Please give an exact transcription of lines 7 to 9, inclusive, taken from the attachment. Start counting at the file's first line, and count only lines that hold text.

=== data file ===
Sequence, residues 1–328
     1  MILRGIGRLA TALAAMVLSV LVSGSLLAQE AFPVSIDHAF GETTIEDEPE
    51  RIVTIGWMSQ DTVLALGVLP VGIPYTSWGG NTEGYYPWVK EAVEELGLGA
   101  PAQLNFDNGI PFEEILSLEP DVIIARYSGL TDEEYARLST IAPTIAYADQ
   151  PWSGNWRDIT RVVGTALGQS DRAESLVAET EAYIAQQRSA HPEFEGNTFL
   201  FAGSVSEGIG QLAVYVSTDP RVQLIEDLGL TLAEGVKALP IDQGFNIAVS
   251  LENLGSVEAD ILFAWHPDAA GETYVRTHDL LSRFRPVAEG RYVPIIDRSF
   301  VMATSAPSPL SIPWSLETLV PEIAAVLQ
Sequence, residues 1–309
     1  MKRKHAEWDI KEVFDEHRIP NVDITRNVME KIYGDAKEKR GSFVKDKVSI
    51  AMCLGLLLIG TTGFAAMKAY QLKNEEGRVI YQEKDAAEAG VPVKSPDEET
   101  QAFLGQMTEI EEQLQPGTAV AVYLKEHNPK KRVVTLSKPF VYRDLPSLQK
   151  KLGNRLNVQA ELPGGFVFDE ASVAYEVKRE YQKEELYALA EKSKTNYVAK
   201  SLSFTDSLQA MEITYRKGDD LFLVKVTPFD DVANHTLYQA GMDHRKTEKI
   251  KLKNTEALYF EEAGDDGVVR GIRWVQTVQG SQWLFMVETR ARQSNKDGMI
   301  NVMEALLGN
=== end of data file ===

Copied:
   251  LENLGSVEAD ILFAWHPDAA GETYVRTHDL LSRFRPVAEG RYVPIIDRSF
   301  VMATSAPSPL SIPWSLETLV PEIAAVLQ
Sequence, residues 1–309